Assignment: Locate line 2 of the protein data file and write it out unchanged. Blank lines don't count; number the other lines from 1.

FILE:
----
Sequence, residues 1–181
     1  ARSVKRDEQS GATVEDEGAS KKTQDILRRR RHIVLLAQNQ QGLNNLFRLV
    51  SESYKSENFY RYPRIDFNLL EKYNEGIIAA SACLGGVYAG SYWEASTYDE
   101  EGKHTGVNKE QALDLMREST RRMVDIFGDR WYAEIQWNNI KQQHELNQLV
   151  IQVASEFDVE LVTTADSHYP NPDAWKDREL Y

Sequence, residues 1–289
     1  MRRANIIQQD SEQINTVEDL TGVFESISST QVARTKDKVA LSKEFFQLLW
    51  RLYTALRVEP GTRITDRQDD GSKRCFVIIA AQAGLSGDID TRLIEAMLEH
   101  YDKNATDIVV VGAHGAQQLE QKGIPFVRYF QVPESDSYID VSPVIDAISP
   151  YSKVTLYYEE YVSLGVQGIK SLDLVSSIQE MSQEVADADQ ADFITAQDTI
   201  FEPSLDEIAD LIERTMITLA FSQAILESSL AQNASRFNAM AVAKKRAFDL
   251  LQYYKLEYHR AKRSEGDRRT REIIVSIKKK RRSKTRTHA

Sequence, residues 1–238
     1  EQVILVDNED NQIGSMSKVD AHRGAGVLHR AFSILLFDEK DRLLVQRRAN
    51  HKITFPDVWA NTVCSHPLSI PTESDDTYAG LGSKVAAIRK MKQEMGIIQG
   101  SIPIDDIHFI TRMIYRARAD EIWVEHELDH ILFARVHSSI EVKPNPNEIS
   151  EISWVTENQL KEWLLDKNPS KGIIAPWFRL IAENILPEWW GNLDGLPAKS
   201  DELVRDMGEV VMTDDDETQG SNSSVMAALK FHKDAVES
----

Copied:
     1  ARSVKRDEQS GATVEDEGAS KKTQDILRRR RHIVLLAQNQ QGLNNLFRLV